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There was once a faded, peeling sticker on the bathroom window of the men’s bathroom at Sa Fonda in Deia that read Sergeant Pepper’s. Sergeant Pepper’s was a basement discotheque in a side street just off Plaza Gomila in Palma’s Terreno district. On 15 July 1968 Jimi Hendrix was the opening act.

Before the ghosts

Plaza Gomila is a handkerchief-sized square in the middle of the Terreno district. Terreno was the first vaguely boho expat district in Palma. It was where Robert Graves and Laura Riding settled first when they arrived in 1929.Today, Terreno is a ghost town but up until the late 1970s it was jumping.

‘Titos’, the nightclub in the handkerchief sized square was glam back then. It hosted glittering international stars that included Ray Charles and Tom Jones at the height of their powers.

Every night throughout the summer, buses from Magaluf dropped sundazed Scandinavians off at the Plaza where they were descended upon by English boys intent on luring them into the clubs and discos around Terreno. Because of its beaches Magaluf was beginning to dominate cheap and cheerful Mallorca tourism. But there was as yet no nightlife to speak of.

Sergeant Pepper’s

Since 1967, Sergeant Pepper’s had been owned by music business heavyweights Mike Jeffery and Chas Chandler who co-managed Hendrix. The two men had invested big in Sergeant Pepper’s. The sound system was out of this world. A psychedelic light show was augmented by explosions, confetti and dry ice. The décor was groovy, baby.

Why Hendrix, why Mallorca?

Music 68 was a music festival planned for July of that year at the Bullring in Palma. (I’ve never seen a band there but apparently it smells precisely how you’d imagine, which must be disconcerting.) Bands booked for the festival included The Byrds, Incredible String Band, Animals and Jimi Hendrix Experience, then unknown in Mallorca. After the promoters pulled out, the festival was cancelled. But Hendrix was on his way.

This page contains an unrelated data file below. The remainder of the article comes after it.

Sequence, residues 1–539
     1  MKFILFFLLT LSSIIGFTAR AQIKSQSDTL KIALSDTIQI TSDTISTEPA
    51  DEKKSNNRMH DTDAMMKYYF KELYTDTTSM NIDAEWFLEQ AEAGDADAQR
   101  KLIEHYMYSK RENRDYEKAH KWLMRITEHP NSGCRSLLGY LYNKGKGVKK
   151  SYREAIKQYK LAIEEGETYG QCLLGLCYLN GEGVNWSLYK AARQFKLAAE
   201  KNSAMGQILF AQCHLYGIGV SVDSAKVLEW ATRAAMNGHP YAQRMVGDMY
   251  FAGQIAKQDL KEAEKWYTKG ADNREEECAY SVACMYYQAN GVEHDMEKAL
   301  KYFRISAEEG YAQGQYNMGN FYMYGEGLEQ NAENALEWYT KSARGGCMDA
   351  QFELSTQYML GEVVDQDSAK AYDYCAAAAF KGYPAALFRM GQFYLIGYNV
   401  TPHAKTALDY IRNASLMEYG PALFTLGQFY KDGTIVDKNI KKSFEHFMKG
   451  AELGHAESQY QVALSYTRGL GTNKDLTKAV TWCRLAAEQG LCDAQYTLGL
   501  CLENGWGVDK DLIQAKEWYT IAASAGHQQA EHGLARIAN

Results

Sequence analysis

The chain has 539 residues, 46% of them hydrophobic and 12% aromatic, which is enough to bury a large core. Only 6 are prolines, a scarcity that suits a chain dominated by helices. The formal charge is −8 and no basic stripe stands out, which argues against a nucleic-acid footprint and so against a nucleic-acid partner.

Hendrix arrived in Palma on the morning of 14 July. His drummer and bass player, Noel Reading and Mitch Mitchell had arrived a week before. Now that he was on the island, Hendrix – or his manager Mike Jeffery – decided that he might as well inaugurate Sergeant Pepper’s. Jeffery was a fascinating character around whom rumours swirl.


Hendrix goes through the roof

You’ll still meet Mallorquin rock and roll fans of a certain vintage who swear they were there when Jimi Hendrix opened Sergeant Pepper’s. Apparently, Hendrix didn’t get paid.

No-one knows for sure if that’s the reason why, in front of an audience that included footballer George Best, Hendrix put his guitar through the club’s roof while he was playing ‘Purple Haze’. Maybe it was simply that the roof was too low. He could also have been frustrated by the sound which, despite the system, was said to have been awful.

For the next few days, thanks to a cancelled show in Madrid, Hendrix and his bandmates had time on their hand to take a little vacation on Mallorca. At night they knocked around Terreno and hung out in what they called ‘Plastic Gorilla’ square.

Duing the day Jimi toured the island and I’ve always wondered if he made it up to Deia.

Robert Wyatt, Jimi, Deia?

Robert Wyatt was the son of Honor Wyatt who had moved with her husband to Deia in 1962 and who was a friend of Graves. Robert Wyatt had been spending time in Deia since at least 1964. When he was in the village, Robert was joined by Daevid Allen and Kevin Ayers who would go on to be his bandmates in psychedelic legends Soft Machine.

Soft Machine supported Hendrix on what was by all accounts a horribly gruelling, badly organised American tour that lasted from October 1967 to July 68. (It must have ended just before the Experience came to Mallorca.) Robert and Jimi became fast friends on the tour. So it’s not hard to imagine Robert telling Jimi he had to visit Deia.

Hendrix with Swan

Waterfall, nothing can harm me at all

Sunrise, the Cala, Deia. The beach is empty but for two piles of brightly coloured clothes side by side on a boulder. Two figures swim back towards the shore. As they come closer, we can see that one of them is a skinny black man with an Afro, the other a deeply tanned white woman with white-blonde hair. They tiptoe out over the pebbles. The man shakes drops of water from his hair. Naked, eyes shining, they turn and look back out to sea. The woman rests her head on the black man’s shoulder.

We hear singing. It sounds like a soldier’s marching song. A tall, solidly built man appears on the beach. He wears a straw hat, a short-sleeved shirt, shorts and espadrilles. A faded blue towel is draped over his shoulders. He steps so lightly over the stones it’s as if he’s dancing. The man takes off his straw hat to reveal a shock of white hair above a face as craggy as the headlands. He scans the beach, eyes resting briefly on the naked couple. Still singing, the man takes off his shirt. His torso is white apart from the arms, which are deeply tanned halfway up the bicep.

Slipping off his espadrilles, the man strides past the naked man and woman and into the sea. They watch as the older man swims out to sea so fast he’s in the middle of the bay in minutes. The black man chuckles. Pulling the woman closer to him, he whispers ‘Waterfall, nothing can harm me at all’.


Thanks to David Templeton for permission to reproduce his Purple Haze painting. Contact David at or


Read Hasta La Flip-Flops! the only book in English that describes what Terreno was really like from the 1950s to the 80s

An account of Hendrix at Sergeant Pepper’s in Spanish

Making ‘May This Be Love’

Mike Jeffery